§ Mr. Nield
I beg to move, in page 3, line 24, at the end, to insert:(2) So much of subsection (2) of the said section six as prohibits the making of an application for an adoption order in respect of a child until the expiration of a period of three months from the date on which the child is delivered to the adopter pursuant to arrangements made by an adoption society shall cease to have effect.(3) The period within which, under subsection (3) of the said section six, art adopter is required to apply for an adoption order or give notice to the adoption society of his intention not to apply for such an order shall be six months from the expiration of the period specified in subsection (2) of the said section six instead of three months from the expiration of that period.This Amendment is designed to deal with two points in connection with the cases of children who are placed for adoption by registered adoption societies. Under the provisions of the 1939 Act it is laid down that where arrangements are made by a registered adoption society for the adoption of a child by an adopter resident in Great Britain no application to the court for an adoption order in respect of the child shall be made by the adopter until the expiration of the period of three months beginning with the date upon which the child is delivered into the care and possession of the adopter. On the other hand, under Clause 5 (1) of this Bill it is provided that an adoption order shall not be made—there is a distinction between applying for an order and the making of an order—unless the child has been continuously in the care and possession of the applicant for at least three consecutive months immediately preceding the date of the order.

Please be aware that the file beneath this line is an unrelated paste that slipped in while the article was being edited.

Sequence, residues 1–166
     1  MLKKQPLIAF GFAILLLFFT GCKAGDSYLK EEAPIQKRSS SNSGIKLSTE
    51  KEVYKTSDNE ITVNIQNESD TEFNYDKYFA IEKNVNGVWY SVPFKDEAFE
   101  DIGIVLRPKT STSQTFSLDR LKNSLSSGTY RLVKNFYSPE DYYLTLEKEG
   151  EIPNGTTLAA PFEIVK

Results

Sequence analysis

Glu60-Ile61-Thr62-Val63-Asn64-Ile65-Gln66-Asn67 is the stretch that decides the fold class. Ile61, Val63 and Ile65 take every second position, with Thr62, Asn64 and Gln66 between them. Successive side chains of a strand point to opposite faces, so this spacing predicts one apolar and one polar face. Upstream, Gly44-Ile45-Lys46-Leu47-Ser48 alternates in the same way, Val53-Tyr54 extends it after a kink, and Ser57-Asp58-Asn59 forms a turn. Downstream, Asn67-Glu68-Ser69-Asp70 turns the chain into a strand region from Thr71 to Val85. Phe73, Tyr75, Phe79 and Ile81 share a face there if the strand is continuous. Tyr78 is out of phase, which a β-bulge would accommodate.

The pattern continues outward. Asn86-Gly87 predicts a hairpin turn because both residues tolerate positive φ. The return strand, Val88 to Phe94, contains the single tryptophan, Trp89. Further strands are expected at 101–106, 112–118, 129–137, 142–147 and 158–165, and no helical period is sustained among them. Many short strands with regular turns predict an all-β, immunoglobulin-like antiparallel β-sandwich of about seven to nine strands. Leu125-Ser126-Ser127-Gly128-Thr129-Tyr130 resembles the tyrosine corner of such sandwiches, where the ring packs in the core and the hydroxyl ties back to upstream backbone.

It is considered that there is no sufficient reason for maintaining the difference between the two enactments, and that it is right that the adopters may make their application for an order before they have had the child for three months, if they so desire, whether or not they obtain the child through an adoption society. This Amendment will not enable them to obtain an order before 695 the end of the three months, but the initial steps can be taken so that the order may be granted as soon as possible after the end of the probationary period.
I take the view that the Amendment will be particularly helpful in the cases of older children where there is no need for delay before being satisfied with their mental and physical health. The proposed subsection (3), on the other hand, will help in the cases of the younger children, as it is proposed to lengthen from three to six months the period after the probationary three months within which an adopter who has received a child from a society must apply to the court for an order or return the child to the society. It appears to me that this Amendment goes some way to meeting the views expressed by the hon. Member for Barking (Mr. Hastings) in our discussions in Committee, when he had in mind an extension of the period from the three months I proposed to the six months, and I feel that the Amendment will commend itself to the House.
§ Amendment agreed to.